Sunday, 5 May 2013

BYOD Implementation In Schools - Part 3: Staff training

I've been teaching for many years now, and I've seen many an initiative come and go. My present school is one of the few I've ever taught in where initiatives are very much superseded by foci. This may sound like no difference at all, but for me the difference has been in the time taken to research, test, trial and embed practice over the long term. Three years our school spent on an AFL "initiative": I'd argue that after three years, that's not an initiative any more: That's a focus. And a pretty serious one at that. And it has brought the vast majority of our staff on in leaps and bounds.

One of the reasons a focus works better than an initiative is that a focus necessitates full staff commitment, and therefore training. Staff training has been one of the key strands to our BYOD trials at Finham Park, and we are now into our second term. We began by converting one of our school's dozen or so TALK Groups (Teaching and Learning Communities, groups which all staff are part of, including learning supervisors and student teachers) into a group solely devoted to looking at the use of mobile technology to enhance teaching and learning. We co-opted a number of staff covering all faculties, and importantly, covered different levels of technological skill. We didn't want the trial group to be a geek-fest, because any good ideas we came up with could immediately be rejected by other staff on roll-out as just being for the technologically competent or gifted. We had to make sure that this was transparently seen as a focus which could benefit all teachers no matter what level of technological competence they were at.

During our first meeting we shared our strategy for the BYOD programme (published here if anyone's desperately interested), and shared our rationale behind it. We also made our expectations clear to the staff involved in the trial:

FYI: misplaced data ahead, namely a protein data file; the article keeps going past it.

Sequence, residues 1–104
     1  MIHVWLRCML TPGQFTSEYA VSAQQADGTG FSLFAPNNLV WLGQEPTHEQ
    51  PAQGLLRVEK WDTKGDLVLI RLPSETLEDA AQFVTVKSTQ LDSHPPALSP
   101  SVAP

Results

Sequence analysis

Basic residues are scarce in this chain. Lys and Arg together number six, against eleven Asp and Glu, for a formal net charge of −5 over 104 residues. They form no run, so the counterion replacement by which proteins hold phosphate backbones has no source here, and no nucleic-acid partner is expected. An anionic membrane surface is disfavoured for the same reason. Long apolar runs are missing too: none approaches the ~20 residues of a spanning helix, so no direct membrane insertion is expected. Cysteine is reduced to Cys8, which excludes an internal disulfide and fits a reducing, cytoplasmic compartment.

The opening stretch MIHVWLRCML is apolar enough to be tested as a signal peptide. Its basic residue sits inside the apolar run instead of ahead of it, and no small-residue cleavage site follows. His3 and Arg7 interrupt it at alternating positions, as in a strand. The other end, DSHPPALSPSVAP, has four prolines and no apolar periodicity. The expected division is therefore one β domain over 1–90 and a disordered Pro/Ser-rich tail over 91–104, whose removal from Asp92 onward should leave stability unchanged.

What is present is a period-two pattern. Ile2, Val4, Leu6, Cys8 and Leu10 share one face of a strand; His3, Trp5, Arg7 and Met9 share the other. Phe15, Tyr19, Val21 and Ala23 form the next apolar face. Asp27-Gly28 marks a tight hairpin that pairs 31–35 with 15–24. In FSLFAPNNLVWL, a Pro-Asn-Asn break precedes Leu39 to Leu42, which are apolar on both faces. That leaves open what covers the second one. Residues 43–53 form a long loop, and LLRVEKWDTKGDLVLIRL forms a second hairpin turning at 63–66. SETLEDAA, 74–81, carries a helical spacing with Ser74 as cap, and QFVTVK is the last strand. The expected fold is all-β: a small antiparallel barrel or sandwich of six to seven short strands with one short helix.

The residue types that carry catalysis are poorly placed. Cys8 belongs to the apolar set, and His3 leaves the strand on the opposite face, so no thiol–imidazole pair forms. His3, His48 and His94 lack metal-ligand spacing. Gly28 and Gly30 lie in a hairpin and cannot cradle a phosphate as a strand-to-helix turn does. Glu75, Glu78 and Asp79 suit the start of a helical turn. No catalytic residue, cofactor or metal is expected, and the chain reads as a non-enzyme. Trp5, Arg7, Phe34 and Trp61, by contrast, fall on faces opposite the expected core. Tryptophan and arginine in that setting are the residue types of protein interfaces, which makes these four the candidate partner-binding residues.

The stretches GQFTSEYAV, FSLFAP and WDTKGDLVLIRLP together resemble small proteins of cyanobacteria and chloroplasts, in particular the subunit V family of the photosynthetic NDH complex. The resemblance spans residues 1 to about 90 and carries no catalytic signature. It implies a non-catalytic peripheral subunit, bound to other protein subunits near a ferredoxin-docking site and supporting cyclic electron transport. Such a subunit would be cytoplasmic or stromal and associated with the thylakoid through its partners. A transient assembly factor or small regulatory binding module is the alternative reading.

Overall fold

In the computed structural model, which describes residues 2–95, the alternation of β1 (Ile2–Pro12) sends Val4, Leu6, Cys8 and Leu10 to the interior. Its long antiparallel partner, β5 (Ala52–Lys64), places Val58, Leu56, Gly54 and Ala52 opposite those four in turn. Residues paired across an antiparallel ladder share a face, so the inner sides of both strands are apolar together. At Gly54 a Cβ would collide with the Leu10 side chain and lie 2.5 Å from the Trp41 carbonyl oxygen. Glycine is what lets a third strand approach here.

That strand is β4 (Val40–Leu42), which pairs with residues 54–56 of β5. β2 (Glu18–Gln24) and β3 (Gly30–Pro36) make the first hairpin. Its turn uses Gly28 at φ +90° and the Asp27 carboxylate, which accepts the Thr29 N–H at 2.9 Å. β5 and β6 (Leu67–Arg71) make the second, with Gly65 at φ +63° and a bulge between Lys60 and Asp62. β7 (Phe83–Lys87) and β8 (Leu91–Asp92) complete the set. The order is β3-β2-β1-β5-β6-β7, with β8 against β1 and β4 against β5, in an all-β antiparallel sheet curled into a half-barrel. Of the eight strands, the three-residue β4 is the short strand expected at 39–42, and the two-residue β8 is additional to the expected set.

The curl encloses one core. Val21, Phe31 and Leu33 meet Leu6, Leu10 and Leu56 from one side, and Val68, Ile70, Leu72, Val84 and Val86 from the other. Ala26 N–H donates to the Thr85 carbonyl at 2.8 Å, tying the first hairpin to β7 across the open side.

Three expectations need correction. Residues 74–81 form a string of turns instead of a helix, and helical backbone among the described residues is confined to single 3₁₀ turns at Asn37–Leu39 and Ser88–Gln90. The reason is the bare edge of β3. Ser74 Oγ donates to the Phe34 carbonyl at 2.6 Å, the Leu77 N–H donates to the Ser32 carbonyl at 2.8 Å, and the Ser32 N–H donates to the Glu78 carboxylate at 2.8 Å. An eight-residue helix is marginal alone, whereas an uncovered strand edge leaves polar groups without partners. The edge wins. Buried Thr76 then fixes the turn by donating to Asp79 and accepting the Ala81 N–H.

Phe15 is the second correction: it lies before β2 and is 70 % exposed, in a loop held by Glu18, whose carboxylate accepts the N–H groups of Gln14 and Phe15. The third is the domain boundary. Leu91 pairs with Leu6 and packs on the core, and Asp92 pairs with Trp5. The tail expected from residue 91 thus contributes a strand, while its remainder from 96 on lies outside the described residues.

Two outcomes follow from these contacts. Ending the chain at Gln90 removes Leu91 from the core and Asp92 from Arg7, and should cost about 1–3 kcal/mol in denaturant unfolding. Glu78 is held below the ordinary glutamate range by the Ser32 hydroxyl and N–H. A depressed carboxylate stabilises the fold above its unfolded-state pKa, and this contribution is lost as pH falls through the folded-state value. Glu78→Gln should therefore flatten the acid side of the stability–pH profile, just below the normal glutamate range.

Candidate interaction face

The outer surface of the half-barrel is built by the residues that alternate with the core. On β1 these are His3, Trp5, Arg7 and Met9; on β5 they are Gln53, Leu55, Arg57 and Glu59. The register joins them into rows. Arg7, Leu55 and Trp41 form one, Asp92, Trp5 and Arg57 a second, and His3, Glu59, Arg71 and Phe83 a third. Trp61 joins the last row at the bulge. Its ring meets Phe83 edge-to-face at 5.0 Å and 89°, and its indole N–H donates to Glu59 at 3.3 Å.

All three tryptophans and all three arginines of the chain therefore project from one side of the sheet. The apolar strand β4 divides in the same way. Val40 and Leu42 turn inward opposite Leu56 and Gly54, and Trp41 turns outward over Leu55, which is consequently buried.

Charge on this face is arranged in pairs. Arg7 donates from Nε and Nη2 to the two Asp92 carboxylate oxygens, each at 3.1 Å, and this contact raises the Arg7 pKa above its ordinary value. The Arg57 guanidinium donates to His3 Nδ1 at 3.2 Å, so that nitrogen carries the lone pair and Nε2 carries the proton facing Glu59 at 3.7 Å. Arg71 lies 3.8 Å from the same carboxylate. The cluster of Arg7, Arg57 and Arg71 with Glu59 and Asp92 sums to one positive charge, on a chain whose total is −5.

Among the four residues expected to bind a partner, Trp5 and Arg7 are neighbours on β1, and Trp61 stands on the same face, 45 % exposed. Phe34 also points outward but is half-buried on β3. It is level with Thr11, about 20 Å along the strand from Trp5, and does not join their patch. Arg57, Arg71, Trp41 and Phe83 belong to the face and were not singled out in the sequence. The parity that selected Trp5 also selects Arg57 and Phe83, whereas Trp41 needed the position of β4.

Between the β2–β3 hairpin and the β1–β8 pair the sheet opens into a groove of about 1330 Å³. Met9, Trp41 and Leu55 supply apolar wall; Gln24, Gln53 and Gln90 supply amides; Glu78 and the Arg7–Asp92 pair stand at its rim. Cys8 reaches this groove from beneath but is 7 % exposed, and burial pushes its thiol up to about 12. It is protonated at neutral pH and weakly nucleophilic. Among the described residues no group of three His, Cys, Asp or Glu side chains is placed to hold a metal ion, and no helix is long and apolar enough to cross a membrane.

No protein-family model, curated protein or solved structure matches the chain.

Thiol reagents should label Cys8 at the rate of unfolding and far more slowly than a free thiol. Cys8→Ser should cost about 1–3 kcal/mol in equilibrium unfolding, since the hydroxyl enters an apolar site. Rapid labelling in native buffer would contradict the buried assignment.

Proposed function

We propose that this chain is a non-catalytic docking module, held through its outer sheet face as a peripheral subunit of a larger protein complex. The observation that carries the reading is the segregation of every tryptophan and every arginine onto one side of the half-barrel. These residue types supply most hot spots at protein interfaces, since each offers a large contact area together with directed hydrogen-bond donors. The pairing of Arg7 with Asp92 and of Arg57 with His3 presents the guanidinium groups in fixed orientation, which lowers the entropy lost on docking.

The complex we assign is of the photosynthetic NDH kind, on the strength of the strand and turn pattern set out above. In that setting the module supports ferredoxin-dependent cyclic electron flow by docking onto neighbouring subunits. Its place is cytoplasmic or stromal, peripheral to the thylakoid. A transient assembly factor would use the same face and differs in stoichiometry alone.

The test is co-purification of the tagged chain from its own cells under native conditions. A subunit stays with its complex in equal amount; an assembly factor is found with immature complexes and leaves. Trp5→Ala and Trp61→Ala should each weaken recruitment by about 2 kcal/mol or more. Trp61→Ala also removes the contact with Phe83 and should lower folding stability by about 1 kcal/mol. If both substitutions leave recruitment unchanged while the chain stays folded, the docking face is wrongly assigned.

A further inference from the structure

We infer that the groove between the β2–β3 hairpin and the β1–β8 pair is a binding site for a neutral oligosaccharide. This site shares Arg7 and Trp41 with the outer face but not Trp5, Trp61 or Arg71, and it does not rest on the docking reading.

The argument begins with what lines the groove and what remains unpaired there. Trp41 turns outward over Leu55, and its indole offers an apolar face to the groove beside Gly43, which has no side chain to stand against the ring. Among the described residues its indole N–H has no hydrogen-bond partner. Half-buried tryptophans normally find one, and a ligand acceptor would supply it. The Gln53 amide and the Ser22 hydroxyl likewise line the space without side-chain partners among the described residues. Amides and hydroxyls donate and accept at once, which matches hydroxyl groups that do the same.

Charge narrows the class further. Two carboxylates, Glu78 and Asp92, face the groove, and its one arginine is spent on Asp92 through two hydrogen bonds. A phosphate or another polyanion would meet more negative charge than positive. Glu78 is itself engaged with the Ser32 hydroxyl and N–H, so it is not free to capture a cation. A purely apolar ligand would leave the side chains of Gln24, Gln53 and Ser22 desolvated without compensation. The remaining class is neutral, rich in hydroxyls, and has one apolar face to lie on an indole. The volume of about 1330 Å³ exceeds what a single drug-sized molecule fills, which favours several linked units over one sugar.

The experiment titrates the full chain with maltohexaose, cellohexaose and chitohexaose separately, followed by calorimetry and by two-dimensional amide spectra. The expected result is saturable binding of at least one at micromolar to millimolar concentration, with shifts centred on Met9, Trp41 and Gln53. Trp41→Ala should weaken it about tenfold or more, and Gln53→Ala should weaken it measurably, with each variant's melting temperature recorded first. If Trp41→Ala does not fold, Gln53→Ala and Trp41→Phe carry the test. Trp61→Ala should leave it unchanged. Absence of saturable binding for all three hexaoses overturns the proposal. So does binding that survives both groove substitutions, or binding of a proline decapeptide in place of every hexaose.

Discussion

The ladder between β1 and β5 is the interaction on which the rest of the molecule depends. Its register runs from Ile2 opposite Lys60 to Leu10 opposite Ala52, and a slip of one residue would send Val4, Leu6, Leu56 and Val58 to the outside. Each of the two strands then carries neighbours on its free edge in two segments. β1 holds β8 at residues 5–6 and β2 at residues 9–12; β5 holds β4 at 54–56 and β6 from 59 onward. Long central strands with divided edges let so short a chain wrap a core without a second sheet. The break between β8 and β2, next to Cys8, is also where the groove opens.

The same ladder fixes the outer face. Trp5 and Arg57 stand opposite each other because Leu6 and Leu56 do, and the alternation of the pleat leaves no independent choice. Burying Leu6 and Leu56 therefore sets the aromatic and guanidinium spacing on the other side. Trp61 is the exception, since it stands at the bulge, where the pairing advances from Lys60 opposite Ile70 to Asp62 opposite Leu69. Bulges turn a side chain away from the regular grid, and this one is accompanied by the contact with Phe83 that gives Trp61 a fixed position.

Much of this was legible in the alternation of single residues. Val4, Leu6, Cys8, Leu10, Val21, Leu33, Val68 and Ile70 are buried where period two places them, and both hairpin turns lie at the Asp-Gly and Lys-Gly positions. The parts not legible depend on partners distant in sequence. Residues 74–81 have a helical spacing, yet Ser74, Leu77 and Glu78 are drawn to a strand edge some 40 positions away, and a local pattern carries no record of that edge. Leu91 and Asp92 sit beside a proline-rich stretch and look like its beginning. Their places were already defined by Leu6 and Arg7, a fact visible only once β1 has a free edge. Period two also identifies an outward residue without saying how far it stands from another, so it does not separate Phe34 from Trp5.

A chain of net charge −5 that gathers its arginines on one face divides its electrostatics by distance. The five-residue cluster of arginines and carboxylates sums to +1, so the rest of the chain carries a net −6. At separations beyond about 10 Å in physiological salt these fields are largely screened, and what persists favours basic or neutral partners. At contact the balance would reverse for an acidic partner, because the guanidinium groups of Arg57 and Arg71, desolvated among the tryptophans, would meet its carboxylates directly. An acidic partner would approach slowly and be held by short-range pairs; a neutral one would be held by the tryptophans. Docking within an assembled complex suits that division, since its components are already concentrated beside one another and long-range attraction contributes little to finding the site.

• To develop their interest and skills in SMART learning in their classroom
  • To experiment with different web-based apps to enhance learning experience, variety, assessment and effectiveness
  • To bring back tips, techniques, ideas, apps, problems and obstacles to each TALK group meeting for discussion
  • To develop skills further based on each TALK group session
  • To help roll out their experiences and expertise to other teachers, with the help of Digital Leaders when we are confident the major infrastructure obstacles have been tackled
In return, we asked staff what they felt their biggest training needs might be (on the understanding that as the trial progressed, some of these might well change, at which point we would change our provision in line with those new needs). The key areas we identified between us were:
  • Learning to use devices to enhance AFL in class
  • Managing behaviour in the digital classroom
  • Establishing expectations with students within this new learning environment
  • How to get the students' devices onto the wifi network
I have already written about a variety of ways to use online apps for AFL elsewhere, so forgive me for not repeating myself here. Go and read it if you want: It's got tutorials, witticisms and cartoons and everything. But finish this first. Patience, young Jedi... The more thorny problem, which vexes teachers and SLT alike, is the potential for classroom disruption and disengagement offered by mobile devices. We've been straight down the line about this all the way through the process, and said that if students disengage using a mobile phone, you have a behaviour problem, not a technology problem. I'm sure everyone wanted to ban pencils when they were first introduced too: As anyone who has seen the outstanding French film Nikita will know, you have serious potential for GBH with a pencil, and that trick The Joker did with a pencil, a table and a gangster in The Dark Knight doesn't bear thinking about either. But we don't ban them. So we talked to staff about how to handle students who misuse devices. In large part, it's about the establishment of clear expectations with students from the start: Students must understand that the mobile device is a learning tool, which can be brought out when the teacher deems it appropriate, and not otherwise. With these expectations firmly in place, students understand that doing anything other than learning with the devices is not acceptable. The other key thing is that disengagement is much easier to spot if students are using mobiles. If students are spending an inordinate amount of time staring down at their crotches during lessons, you can bet they're either texting, or doing something even less savoury. Either way, deal with it quickly and firmly.